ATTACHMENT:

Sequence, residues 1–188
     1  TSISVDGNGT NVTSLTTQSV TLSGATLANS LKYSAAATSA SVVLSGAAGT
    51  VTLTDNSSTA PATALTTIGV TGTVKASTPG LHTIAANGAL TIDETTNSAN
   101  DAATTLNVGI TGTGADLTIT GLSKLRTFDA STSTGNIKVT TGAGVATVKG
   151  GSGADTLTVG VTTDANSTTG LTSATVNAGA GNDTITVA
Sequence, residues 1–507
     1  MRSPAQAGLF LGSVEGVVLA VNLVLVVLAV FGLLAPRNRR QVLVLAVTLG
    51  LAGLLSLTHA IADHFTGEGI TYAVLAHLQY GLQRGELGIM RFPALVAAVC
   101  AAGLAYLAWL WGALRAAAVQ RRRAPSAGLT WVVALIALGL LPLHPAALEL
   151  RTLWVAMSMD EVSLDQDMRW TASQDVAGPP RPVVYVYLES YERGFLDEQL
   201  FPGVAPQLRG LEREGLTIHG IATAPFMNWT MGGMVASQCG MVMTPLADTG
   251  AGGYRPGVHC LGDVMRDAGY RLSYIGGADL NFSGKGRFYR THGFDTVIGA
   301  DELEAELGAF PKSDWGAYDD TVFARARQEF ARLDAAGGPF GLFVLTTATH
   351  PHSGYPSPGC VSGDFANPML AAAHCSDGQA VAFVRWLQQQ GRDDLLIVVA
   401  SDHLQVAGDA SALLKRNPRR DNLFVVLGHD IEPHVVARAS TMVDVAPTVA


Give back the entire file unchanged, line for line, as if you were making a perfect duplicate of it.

Sequence, residues 1–188
     1  TSISVDGNGT NVTSLTTQSV TLSGATLANS LKYSAAATSA SVVLSGAAGT
    51  VTLTDNSSTA PATALTTIGV TGTVKASTPG LHTIAANGAL TIDETTNSAN
   101  DAATTLNVGI TGTGADLTIT GLSKLRTFDA STSTGNIKVT TGAGVATVKG
   151  GSGADTLTVG VTTDANSTTG LTSATVNAGA GNDTITVA
Sequence, residues 1–507
     1  MRSPAQAGLF LGSVEGVVLA VNLVLVVLAV FGLLAPRNRR QVLVLAVTLG
    51  LAGLLSLTHA IADHFTGEGI TYAVLAHLQY GLQRGELGIM RFPALVAAVC
   101  AAGLAYLAWL WGALRAAAVQ RRRAPSAGLT WVVALIALGL LPLHPAALEL
   151  RTLWVAMSMD EVSLDQDMRW TASQDVAGPP RPVVYVYLES YERGFLDEQL
   201  FPGVAPQLRG LEREGLTIHG IATAPFMNWT MGGMVASQCG MVMTPLADTG
   251  AGGYRPGVHC LGDVMRDAGY RLSYIGGADL NFSGKGRFYR THGFDTVIGA
   301  DELEAELGAF PKSDWGAYDD TVFARARQEF ARLDAAGGPF GLFVLTTATH
   351  PHSGYPSPGC VSGDFANPML AAAHCSDGQA VAFVRWLQQQ GRDDLLIVVA
   401  SDHLQVAGDA SALLKRNPRR DNLFVVLGHD IEPHVVARAS TMVDVAPTVA